Modern readers may not be familiar with The Grange - an organization of farmers founded in 1867 by Oliver Hudson Kelley. The Grange was a popular, influential group of small agricultural interests who pressured government to regulate big business.
Minnesota Historical Society
Kelley was a Minnesotan farmer who was raised in Boston, and then traveled to St. Paul in 1849. St. Paul's economy was dominated by trade with nearby Native American tribes. Kelley, however, believed that farming would be more lucrative. He was correct. Kelley established a farm that brought him great local renown for its technological sophistication. It featured a complex irrigation system, a mechanical reaper and then-exotic new crops. His farm, as well as his writings on agricultural practices, won him national attention and eventually a position as a clerk to the federal commissioner of agriculture in America's capital.
Kelley was moved during a tour of farms in Southern states in 1866. Kelley, a Freemason, found welcome reception at Southern lodges despite being a Northerner. He returned to Washington with the conviction to organize a national body of farmers. He founded the Order of the Patrons of Husbandry, which would later be known simple as "the Grange."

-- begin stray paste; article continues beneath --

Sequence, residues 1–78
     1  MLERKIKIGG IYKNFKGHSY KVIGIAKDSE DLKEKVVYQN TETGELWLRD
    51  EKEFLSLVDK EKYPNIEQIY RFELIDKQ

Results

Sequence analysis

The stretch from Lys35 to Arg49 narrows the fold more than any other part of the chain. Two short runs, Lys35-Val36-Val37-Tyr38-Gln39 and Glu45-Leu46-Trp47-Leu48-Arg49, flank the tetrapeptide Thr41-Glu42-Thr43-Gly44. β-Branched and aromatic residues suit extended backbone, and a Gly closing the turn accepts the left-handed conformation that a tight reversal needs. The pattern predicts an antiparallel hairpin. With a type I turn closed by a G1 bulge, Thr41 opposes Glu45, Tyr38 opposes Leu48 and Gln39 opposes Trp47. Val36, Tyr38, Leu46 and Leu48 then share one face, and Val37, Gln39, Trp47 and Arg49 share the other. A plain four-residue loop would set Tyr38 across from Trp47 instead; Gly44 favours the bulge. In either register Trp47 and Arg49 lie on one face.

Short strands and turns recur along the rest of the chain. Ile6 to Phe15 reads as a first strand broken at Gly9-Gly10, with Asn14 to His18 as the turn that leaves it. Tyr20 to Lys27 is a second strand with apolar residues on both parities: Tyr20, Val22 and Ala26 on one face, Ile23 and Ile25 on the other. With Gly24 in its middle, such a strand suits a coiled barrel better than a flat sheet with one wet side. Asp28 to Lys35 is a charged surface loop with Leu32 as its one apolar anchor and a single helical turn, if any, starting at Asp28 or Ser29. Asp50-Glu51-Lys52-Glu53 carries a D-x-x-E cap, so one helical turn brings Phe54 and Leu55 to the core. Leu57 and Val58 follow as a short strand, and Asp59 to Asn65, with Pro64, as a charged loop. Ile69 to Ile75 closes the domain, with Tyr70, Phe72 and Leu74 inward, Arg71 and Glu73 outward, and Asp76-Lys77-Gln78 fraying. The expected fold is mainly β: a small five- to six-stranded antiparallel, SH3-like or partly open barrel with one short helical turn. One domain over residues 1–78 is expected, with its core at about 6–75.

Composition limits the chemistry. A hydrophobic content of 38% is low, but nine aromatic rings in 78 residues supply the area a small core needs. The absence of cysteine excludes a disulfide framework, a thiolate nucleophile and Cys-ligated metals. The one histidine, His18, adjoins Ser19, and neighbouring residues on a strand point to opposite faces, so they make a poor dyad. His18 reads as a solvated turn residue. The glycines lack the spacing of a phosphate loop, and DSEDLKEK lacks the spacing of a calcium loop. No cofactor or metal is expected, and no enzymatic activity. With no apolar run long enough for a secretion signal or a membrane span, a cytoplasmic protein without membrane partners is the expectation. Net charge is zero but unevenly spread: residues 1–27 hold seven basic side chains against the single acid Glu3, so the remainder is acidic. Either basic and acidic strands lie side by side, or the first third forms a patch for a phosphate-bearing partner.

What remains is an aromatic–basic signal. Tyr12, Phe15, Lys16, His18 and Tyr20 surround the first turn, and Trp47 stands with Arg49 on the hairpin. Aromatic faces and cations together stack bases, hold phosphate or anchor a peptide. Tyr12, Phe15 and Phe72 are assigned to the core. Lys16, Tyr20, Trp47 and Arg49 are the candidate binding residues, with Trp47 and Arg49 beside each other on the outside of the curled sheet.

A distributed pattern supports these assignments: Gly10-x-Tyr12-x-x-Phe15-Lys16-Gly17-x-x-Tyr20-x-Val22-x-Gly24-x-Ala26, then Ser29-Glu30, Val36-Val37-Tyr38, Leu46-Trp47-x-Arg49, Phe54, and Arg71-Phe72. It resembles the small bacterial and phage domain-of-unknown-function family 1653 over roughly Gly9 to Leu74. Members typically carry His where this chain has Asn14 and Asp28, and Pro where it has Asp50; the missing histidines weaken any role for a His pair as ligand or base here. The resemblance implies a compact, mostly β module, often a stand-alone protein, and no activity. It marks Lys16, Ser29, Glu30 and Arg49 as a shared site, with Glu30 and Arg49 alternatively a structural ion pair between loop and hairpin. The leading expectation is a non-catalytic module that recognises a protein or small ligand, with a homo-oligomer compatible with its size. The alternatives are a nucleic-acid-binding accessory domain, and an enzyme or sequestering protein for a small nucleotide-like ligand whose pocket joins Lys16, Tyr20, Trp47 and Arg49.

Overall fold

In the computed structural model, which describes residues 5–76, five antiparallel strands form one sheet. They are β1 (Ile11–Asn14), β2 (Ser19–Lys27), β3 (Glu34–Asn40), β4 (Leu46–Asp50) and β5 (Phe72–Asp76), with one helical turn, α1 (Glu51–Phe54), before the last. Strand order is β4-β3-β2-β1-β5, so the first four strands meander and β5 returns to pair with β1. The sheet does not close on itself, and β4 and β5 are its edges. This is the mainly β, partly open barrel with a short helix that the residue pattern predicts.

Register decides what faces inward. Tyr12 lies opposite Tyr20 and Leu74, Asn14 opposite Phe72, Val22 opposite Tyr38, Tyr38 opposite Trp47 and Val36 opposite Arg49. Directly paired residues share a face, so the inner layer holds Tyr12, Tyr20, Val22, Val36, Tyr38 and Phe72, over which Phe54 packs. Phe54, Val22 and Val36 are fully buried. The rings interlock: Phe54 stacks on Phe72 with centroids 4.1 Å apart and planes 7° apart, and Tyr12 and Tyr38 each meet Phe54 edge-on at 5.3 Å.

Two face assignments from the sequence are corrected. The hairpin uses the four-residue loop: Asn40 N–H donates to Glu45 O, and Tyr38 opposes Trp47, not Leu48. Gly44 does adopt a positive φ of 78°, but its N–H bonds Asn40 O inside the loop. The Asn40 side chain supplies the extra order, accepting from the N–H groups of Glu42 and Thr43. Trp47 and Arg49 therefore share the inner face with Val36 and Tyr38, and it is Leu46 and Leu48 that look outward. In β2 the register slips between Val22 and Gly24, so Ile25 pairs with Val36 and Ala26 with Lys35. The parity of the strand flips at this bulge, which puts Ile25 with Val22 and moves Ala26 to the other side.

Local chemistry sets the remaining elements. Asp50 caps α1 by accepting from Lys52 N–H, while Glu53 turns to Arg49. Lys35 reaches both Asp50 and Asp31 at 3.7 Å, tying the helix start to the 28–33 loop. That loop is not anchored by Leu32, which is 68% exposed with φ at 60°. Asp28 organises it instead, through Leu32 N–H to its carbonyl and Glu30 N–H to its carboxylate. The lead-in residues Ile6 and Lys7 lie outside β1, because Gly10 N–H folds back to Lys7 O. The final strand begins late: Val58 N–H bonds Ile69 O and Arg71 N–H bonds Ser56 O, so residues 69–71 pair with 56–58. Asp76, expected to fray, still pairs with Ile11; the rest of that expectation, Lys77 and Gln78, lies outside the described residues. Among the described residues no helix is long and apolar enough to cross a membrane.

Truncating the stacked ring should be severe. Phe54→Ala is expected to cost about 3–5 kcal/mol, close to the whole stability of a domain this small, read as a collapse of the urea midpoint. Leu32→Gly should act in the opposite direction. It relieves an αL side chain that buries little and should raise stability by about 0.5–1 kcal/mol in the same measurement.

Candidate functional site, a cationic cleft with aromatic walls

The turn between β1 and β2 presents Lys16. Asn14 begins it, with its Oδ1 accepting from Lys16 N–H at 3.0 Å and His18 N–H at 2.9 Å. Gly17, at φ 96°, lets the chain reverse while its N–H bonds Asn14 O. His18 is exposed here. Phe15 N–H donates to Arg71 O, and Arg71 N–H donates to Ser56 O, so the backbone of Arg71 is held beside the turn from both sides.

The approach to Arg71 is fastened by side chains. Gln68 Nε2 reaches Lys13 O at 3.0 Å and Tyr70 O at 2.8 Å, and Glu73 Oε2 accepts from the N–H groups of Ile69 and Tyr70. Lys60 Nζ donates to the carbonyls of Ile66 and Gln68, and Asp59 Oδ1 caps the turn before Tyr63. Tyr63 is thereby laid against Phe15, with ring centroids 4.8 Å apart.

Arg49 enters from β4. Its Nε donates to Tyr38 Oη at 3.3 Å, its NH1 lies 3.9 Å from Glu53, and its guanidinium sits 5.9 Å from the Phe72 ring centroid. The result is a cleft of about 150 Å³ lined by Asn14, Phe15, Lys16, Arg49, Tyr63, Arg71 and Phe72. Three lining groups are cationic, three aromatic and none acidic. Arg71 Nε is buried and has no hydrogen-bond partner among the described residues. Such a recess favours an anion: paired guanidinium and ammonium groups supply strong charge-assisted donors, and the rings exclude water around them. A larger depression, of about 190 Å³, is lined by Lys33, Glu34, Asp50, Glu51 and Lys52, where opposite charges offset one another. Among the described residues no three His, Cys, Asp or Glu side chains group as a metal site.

Massachusetts State Grange
The Grange had unassuming beginnings. It was originally a social club, like the Masons. Over time, it snowballed into what was basically a lobbying group, wielding considerable political influence. Grangers were aggrieved by exorbitant warehousing fees and railroad shipping rates. They exerted political pressure to institute federal and state oversight of these industries.
The Grange was notable for its acceptance of female members. They also achieved a series of legislative victories that would be known as "the Granger Laws." While not permanent fixes, the Granger Laws established a valuable precedent for government regulation of private companies on behalf of the common good.
The ensuing decades saw far-reaching reform movements that influenced virtually every part of American enterprise.